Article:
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Law’s Abnegation

Law’s Abnegation

From Law’s Empire to the Administrative State

Adrian Vermeule

ISBN 9780674971448

Publication date: 11/14/2016

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Ronald Dworkin once imagined law as an empire and judges as its princes. But over time, the arc of law has bent steadily toward deference to the administrative state. Adrian Vermeule argues that law has freely abandoned its imperial pretensions, and has done so for internal legal reasons.

In area after area, judges and lawyers, working out the logical implications of legal principles, have come to believe that administrators should be granted broad leeway to set policy, determine facts, interpret ambiguous statutes, and even define the boundaries of their own jurisdiction. Agencies have greater democratic legitimacy and technical competence to confront many issues than lawyers and judges do. And as the questions confronting the state involving climate change, terrorism, and biotechnology (to name a few) have become ever more complex, legal logic increasingly indicates that abnegation is the wisest course of action.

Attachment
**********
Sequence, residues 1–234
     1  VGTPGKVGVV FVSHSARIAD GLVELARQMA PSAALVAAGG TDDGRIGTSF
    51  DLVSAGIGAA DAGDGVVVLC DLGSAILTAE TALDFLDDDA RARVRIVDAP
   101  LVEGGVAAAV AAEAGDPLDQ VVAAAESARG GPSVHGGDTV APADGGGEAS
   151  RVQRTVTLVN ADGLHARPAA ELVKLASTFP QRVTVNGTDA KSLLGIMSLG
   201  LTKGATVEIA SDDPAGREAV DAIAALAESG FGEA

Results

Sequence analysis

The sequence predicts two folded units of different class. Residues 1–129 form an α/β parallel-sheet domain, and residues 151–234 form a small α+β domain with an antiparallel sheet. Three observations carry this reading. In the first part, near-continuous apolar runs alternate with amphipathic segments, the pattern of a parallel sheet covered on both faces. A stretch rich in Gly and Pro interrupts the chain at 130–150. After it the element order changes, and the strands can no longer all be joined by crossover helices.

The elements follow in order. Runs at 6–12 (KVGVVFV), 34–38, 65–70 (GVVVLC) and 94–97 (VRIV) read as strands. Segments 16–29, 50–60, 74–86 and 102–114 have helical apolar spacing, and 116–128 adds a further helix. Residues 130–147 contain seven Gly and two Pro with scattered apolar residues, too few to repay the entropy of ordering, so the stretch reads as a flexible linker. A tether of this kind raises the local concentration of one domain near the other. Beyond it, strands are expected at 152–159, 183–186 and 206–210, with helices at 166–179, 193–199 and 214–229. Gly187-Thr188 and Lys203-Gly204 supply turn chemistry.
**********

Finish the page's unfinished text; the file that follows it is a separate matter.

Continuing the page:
As Law’s Abnegation makes clear, the state did not shove law out of the way. The judiciary voluntarily relegated itself to the margins of power. The last and greatest triumph of legalism was to depose itself.

Praise

  • Law's Abnegation is a theoretically informed, analytically rigorous, and, above all, lawyerly interpretation of the law of the modern administrative state. But it is much more than that. Vermeule also brilliantly deconstructs confused and myopic alternative accounts and, most importantly, demonstrates how legal doctrine really works from an internal perspective. Built on the foundation of cases familiar to most administrative lawyers, his analysis is nevertheless revelatory concerning the field's core commitments, why those commitments make sense, and how they cohere across a wide range of seemingly disparate topics.

    —Jerry L. Mashaw, Yale Law School

Awards

  • 2017, Winner of the Award for Scholarship in Administrative Law

Author

  • Adrian Vermeule is Ralph S. Tyler, Jr., Professor of Constitutional Law at Harvard Law School. His many books include Law’s Abnegation: From Law’s Empire to the Administrative State (Harvard) and The Constitution of Risk.

Book Details

  • 272 pages
  • 6-1/8 x 9-1/4 inches
  • Harvard University Press

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